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The quick service industry boasts its versatility and diversity with career opportunities not only on-land but also off-land. With so many listed on job boards, where can you begin if you want to work onboard a cruise ship?

“It starts with a passion for the sea combined with the drive to strive in hotel and restaurant management,” says Mathieu Miousse, who is chief purser of the whole fleet at Coopérative de Transport Maritime et Aérien (CTMA). With more than 450 employees, the company is fully owned, managed, and operated by the islanders on Îles de la Madeleine.

At his current position, Misousse says he is “responsible for managing the housekeeping, the food and beverage department, the entertainment, and also in charge of the security to all passengers.”

He started working for the Merchant Vessel Vacancier in 2002. He had already been working for CTMA in a different capacity for eight years by then. He started out working as a housekeeper aboard the ferry MV Lucy Maud Montgomery in 1994.

According to Missouse, the basic academic requirement for starting a career in the quick service industry with a cruise line is a high school diploma.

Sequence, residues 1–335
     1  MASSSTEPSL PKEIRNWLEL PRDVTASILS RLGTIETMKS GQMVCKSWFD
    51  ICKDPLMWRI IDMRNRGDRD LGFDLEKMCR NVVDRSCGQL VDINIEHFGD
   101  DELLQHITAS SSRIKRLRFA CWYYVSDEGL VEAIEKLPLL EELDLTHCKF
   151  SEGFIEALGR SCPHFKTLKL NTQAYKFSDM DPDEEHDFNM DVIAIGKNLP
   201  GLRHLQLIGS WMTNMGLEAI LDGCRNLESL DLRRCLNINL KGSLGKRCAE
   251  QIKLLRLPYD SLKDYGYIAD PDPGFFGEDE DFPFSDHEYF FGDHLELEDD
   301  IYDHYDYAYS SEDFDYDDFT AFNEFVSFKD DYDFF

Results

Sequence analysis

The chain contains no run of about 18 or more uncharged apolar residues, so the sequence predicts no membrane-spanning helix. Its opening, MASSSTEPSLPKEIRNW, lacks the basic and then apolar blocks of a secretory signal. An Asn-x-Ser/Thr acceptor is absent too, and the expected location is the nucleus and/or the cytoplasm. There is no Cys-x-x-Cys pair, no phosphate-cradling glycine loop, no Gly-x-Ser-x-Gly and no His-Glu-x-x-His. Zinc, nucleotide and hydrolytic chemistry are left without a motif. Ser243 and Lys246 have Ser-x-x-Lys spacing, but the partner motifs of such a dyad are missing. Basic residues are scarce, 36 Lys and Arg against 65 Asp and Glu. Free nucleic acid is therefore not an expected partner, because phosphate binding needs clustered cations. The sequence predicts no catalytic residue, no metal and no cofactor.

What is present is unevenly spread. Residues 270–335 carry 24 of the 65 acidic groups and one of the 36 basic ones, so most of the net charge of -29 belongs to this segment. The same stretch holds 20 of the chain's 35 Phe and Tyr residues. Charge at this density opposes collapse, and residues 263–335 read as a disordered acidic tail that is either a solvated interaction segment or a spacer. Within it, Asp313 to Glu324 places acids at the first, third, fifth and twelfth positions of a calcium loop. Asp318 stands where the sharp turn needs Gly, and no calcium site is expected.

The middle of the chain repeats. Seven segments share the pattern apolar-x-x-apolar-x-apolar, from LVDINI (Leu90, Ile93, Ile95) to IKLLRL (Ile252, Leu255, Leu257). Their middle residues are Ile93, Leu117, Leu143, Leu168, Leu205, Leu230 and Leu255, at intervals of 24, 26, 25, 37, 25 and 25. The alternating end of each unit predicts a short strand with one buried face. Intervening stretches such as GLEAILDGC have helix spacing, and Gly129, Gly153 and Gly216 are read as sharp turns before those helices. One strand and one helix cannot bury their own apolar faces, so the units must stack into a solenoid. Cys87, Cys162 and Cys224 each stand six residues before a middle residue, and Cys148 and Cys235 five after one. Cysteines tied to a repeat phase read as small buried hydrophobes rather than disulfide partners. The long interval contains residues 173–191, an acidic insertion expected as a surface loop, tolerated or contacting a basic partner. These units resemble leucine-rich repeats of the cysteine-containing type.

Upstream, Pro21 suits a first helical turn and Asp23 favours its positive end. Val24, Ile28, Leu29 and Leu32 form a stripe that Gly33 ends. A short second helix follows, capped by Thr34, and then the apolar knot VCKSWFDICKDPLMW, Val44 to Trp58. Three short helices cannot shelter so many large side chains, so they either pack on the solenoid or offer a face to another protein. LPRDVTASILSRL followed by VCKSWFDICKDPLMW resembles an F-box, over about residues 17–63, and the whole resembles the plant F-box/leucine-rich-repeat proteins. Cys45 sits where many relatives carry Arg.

“Your personal skills acquired in the field determine which job you should apply for, but a typical first job starts with training. There are jobs in housekeeping, guest services, and the food and beverage departments.”

Further skills you can learn by working on cruise ships include learning the at-sea security codes and the skills for becoming captain housekeeper, a bell boy at guest services, manager or the chief cook: “it all depends on you,” says Misousse.

He also mentions tertiary academic courses you can benefit from, such as navigation skills, engineering, guest services, and hotel management.

“Since training is provided onboard, you can progress very fast,” he says. “Every crew member is given a discharge book in which your time at sea is accumulated and every hour counts.”

Misousse says that working at sea alone is an untraditional type of work life but the charm lies in meeting people from all around the world and serving friends and family.

For him, “to lose the land going towards another land, back and forth, allows for my passion of the sea and hotel and restaurant management to be combined.”

The ever-progressing cruise line business has been researched and documented by the Florida-Caribbean Cruise Association. In their Cruise Industry Review - 2013, they state that the cruise industry is a rapidly growing category in the leisure-travel market. Since the 1980s, the industry has experienced an average annual passenger growth rate of approximately 7.2 per cent per year.

Since the 1990s, over 200 million passengers have taken cruise vacations. In 2012 alone, a record 20.3 million passengers were estimated to have cruised globally.

Photo: Robert Churchill/Thinkstock